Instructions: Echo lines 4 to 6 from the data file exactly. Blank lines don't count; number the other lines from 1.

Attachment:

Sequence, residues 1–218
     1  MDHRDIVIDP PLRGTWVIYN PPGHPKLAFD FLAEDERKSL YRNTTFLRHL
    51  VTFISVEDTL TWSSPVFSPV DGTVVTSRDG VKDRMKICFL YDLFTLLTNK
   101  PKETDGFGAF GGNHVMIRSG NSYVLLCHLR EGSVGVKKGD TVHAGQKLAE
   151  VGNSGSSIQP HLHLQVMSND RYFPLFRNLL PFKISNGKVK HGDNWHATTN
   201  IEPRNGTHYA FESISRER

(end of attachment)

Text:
   101  PKETDGFGAF GGNHVMIRSG NSYVLLCHLR EGSVGVKKGD TVHAGQKLAE
   151  VGNSGSSIQP HLHLQVMSND RYFPLFRNLL PFKISNGKVK HGDNWHATTN
   201  IEPRNGTHYA FESISRER